It is very difficult when trying to learn a new technology, to figure out what books are out there that may be of help. Making a list of what concepts you want to learn about will surely help. However, even if you spend an hour or so leafing through books armed with your list at your local book store, you really don’t know if the book will help until you sit down and really work with it. This requires a real investment in time. Time which is really precious to you and you would hate to waste. I am happy to say that this book in general really does what it sets out to do and that is to give a good overall introduction to the capabilities of SQL Server 7 and Transact-SQL.
The book is divided into 5 parts. The introduction presents us with the schema and data for a small database that will be used to demonstrate many of the concepts developed later in the book. Part 1 reviews Basic concepts that are discussed more fully in later parts of the book. It is also introduces you to the Enterprise manager and Query Analyzer tools which will be used to demonstrate the examples.
Part 2 reviews the Transact-SQL language. This part gives a comprehensive beginners overview of T-SQL. It reviews the 3 components of SQL DDL ( data definition language), DML ( data manipulation language), and DCL ( data control language), as well as T-SQL extensions to the SQL langage. In my opinion ,the key to learning a technology is trying out as many examples as possible. This part will not disappoint you in this regard. There are loads of examples for you to try out. It is well worth the time to key in the examples in order to learn how T-SQL works.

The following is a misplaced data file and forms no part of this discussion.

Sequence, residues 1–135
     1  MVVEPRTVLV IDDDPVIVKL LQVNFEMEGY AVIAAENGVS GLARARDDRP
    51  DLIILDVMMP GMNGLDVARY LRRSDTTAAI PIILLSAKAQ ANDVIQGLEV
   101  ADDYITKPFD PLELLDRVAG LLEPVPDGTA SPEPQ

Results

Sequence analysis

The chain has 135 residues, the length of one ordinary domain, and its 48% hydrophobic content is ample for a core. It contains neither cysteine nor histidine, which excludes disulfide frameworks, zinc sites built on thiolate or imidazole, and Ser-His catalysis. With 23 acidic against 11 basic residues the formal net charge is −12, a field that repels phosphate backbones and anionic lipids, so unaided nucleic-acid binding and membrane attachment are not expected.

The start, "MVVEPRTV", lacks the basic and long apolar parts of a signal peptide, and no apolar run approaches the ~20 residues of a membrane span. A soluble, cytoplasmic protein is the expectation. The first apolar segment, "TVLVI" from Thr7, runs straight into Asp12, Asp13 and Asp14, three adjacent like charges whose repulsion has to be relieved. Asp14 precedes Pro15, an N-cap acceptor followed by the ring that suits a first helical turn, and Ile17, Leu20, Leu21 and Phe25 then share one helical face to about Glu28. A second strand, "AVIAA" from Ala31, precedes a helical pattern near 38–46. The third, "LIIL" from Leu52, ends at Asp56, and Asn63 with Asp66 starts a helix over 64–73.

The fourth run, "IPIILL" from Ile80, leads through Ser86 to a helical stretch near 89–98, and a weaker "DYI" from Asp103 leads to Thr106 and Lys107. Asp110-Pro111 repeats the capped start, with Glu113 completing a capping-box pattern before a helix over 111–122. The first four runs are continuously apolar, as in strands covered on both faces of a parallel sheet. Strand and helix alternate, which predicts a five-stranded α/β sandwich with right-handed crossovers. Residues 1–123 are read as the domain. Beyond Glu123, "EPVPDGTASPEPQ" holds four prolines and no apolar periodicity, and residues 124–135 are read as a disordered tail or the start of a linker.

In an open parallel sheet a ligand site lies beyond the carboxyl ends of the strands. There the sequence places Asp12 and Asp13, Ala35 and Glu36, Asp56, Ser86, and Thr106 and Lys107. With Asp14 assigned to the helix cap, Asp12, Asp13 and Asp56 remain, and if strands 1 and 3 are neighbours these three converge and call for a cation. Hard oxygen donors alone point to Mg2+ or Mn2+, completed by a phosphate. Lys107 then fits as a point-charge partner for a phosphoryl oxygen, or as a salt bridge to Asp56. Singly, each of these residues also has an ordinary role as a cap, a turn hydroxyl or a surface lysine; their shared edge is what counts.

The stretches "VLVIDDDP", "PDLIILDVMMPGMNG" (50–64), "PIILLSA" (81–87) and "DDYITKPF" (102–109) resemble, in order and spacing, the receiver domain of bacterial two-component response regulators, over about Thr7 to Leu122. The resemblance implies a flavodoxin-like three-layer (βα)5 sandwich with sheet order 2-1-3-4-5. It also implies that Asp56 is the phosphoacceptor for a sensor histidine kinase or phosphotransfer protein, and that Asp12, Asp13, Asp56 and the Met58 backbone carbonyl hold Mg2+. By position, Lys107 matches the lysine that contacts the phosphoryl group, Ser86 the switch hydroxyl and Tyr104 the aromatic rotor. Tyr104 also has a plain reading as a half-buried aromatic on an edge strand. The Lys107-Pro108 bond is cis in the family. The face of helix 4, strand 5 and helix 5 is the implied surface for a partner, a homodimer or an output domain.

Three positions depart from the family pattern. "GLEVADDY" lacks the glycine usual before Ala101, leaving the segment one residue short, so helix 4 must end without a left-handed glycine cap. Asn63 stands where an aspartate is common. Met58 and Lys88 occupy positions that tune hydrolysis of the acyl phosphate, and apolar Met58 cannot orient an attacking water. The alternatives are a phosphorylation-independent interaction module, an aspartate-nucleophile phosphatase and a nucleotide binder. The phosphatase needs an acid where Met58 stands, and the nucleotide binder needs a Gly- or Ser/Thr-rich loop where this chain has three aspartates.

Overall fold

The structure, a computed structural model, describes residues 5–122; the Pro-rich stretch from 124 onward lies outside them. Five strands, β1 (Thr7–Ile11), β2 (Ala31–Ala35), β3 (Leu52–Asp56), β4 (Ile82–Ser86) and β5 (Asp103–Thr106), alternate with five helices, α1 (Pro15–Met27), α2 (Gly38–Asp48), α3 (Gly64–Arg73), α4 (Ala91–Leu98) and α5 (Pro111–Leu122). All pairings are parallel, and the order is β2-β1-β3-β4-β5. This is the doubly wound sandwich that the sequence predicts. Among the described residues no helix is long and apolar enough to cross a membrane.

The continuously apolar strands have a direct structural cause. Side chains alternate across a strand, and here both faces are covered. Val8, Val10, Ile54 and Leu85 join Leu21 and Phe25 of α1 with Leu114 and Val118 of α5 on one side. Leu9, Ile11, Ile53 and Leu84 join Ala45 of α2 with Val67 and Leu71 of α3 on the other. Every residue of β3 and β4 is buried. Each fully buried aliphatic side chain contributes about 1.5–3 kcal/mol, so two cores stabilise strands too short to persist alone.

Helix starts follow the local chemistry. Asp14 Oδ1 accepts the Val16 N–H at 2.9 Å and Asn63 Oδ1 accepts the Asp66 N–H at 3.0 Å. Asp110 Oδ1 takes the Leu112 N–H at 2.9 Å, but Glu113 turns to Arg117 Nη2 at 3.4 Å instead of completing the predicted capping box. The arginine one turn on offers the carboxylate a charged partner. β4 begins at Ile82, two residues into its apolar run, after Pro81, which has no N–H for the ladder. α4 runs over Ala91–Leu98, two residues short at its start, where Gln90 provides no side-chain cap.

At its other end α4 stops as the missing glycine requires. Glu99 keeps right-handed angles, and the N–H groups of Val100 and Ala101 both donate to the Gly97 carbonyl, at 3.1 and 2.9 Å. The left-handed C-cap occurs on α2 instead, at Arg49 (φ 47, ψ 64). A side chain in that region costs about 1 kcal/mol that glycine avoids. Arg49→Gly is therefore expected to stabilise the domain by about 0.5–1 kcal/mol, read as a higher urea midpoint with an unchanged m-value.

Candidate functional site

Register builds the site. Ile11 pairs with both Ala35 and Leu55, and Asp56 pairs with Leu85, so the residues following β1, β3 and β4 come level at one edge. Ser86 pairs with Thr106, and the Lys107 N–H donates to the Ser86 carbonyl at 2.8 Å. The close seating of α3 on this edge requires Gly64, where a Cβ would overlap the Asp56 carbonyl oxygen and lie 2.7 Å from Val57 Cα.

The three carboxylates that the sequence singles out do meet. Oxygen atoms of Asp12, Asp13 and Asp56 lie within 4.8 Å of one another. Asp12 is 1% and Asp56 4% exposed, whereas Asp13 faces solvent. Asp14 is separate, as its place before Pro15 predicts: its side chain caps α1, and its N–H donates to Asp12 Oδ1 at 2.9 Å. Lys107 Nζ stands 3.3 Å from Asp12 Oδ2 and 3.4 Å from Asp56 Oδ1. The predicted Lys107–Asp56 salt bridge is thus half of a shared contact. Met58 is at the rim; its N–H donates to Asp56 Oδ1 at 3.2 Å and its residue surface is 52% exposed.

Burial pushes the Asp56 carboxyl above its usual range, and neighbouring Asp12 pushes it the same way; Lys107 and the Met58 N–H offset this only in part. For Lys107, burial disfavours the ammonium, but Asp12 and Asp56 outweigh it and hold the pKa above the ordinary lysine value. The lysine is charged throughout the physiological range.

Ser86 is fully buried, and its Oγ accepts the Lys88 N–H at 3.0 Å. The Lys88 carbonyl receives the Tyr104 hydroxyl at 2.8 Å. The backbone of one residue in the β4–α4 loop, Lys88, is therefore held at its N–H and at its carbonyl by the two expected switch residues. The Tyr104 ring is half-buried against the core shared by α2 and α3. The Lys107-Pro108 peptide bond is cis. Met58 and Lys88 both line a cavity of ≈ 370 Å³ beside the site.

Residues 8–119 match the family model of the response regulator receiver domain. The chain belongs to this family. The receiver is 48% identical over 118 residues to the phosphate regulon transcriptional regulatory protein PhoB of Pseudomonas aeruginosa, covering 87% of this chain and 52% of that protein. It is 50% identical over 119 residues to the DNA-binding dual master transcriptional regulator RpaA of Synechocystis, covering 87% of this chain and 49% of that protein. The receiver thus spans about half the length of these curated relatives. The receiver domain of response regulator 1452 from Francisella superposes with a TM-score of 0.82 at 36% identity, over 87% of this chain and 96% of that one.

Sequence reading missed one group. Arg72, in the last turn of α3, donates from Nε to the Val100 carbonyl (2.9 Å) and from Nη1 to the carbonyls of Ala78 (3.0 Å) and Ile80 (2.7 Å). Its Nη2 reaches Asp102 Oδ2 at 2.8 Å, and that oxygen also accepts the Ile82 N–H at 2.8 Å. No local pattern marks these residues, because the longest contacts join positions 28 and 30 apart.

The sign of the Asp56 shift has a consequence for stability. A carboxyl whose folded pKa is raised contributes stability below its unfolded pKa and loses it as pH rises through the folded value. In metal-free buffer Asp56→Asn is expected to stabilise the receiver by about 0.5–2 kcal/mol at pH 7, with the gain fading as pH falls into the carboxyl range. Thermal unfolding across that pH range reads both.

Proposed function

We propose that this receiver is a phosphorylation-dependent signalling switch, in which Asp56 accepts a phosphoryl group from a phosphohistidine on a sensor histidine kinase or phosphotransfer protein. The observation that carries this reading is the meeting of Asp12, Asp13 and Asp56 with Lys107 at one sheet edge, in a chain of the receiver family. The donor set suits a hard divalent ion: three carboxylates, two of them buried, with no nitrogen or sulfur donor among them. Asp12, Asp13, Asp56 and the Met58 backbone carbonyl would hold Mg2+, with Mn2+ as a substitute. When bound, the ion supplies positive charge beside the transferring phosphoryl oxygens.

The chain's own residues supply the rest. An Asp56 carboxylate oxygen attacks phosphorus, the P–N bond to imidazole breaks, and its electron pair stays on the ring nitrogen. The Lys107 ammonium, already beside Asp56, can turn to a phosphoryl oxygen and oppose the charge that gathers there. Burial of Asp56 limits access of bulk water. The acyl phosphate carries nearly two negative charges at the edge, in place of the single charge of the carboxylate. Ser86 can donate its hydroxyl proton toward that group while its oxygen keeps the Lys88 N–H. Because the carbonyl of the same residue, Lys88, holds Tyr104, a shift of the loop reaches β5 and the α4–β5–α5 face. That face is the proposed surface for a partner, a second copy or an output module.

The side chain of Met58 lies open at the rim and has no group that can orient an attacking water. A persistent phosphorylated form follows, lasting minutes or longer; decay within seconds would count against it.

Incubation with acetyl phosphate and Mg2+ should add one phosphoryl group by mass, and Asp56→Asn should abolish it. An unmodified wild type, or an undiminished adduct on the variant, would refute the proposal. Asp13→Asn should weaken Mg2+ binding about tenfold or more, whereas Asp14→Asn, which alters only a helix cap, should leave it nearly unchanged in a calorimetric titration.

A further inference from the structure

Part 3 covers System Administration and Part 4 covers Microsoft Decision Support Servers (i.e. Data Warehousing). These two parts give you enough of an overview to make you realize that if you are planning to be a DBA or a Data Warehouser than you need to go out and get much more detailed books on these subjects in order to master them.
There is no CD provided with the text. This forces you to key in all the examples by hand. While this is a good idea anyways, it would be nice to have the CD to check any errors that you might have keyed in. There is an sql script file that you can download from the Osborne Web Site with the schema and data in it. There is a small mistake in one of the sets of data where the value should be the Null value but instead you have a character string “NULL” instead. This will cause some grief when running some of the examples and the outputs don’t match. I have noticed that the new version of this book does include a CD.
Despite the few flaws I found in this book, I would highly recommend it to anyone who wants to get a solid introduction to SQL Server 7 and especially T-SQL.